Susan came in with a plan that Benson and I talked about when we were driving to the school for the first time. There were two such plans submitted and we chose Susan as she is an orphan...her father died last year. Her plan is to buy three different cereals in 25 kg bags and separate them into quarter and half kilo bags and then sell each bag for a 15 or 20 shilling profit depending on the weight. She also plans to sell cooking oil at the same time...same idea buy in bulk and sell small quantities for a profit. Susan was awarded $8,200 shillings.

The fact is I would have been happy to partner with nine of the kids, they all had a workable plan however we told them up front we would choose only three. Before I talked to the class on the first day about business plans I talked to them about success...how everybody wants success but most people only kind of want it and won't put the hard time in to increase their chances of success. I reiterated that to 5 kids today and I'm quite sure that at least several of them will rework their plans which means almost one third of the group already has a good chance to succeed. After we left the school today Benson told me that these kids have never been exposed to this kind of thinking and he believes it will change some lives. I just hope we have some success and create positive role models for the other kids and that in the long run we can grow the heck out of this.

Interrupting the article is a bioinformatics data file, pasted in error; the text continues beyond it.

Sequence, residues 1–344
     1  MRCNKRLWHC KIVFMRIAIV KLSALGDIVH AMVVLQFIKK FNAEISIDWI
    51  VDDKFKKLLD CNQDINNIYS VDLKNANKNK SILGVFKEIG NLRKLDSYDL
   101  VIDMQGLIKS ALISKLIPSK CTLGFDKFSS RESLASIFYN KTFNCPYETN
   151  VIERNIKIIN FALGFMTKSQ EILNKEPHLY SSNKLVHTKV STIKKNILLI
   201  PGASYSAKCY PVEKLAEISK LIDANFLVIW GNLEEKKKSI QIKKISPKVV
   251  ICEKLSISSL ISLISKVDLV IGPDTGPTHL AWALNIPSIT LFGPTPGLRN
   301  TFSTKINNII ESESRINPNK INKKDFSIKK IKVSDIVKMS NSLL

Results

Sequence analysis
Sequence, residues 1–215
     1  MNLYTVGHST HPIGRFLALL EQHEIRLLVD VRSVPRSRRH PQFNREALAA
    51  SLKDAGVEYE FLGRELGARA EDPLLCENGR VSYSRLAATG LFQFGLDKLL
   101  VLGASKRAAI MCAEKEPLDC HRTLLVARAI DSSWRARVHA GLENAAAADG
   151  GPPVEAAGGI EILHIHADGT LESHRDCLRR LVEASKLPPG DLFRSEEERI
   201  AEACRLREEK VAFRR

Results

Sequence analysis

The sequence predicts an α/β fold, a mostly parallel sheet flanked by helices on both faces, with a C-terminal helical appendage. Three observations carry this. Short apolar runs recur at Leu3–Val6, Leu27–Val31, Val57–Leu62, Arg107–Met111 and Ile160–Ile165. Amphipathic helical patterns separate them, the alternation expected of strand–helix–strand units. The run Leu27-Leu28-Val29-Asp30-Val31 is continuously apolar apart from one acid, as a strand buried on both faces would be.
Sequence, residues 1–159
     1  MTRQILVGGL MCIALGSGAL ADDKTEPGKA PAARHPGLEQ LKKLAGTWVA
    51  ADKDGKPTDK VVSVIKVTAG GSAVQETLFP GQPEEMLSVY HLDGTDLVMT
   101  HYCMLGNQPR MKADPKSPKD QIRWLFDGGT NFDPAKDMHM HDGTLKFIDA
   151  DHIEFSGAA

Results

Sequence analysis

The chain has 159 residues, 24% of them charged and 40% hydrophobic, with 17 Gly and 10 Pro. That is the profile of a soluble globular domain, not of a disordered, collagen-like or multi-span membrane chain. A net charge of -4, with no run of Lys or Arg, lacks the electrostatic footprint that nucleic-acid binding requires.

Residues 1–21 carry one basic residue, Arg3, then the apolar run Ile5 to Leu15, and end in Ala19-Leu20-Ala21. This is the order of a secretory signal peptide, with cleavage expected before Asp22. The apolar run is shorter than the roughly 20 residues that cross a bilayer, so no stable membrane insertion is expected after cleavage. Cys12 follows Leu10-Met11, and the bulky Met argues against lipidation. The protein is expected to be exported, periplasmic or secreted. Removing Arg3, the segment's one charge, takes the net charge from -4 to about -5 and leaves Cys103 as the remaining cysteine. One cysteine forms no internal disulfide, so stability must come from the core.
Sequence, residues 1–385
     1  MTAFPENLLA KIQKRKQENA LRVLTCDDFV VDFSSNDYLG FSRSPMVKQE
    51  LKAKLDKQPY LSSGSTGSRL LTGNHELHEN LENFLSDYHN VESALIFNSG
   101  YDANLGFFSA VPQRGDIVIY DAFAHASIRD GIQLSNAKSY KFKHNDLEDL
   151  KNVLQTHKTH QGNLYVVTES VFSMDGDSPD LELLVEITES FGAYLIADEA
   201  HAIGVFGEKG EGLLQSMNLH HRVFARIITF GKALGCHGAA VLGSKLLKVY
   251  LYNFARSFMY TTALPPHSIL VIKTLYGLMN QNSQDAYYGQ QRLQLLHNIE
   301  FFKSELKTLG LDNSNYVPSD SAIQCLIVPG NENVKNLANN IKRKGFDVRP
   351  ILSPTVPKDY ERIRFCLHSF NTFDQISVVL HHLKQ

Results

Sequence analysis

Tomorrow the entire monitoring and evaluation team will visit Agano before we leave Nairobi and I will get a chance to introduce the three children to the team and leave them with our congratulations.
narrow hallways

narrow hallways

one of the school's toilets

one of the school's toilets

Photogenic kids at lunch in their classroom. . . hot lunch is provided for some . . . those who would otherwise not have a meal at all

Photogenic kids at lunch in their classroom. . . hot lunch is provided for some . . . those who would otherwise not have a meal at all

surrounding area as seen from the school's 2nd floor

surrounding area as seen from the school's 2nd floor

housing beside the school

housing beside the school

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Posted by cnmcgeehan 13:26 Comments (5)

Observations by the only white guy in the Dandora slum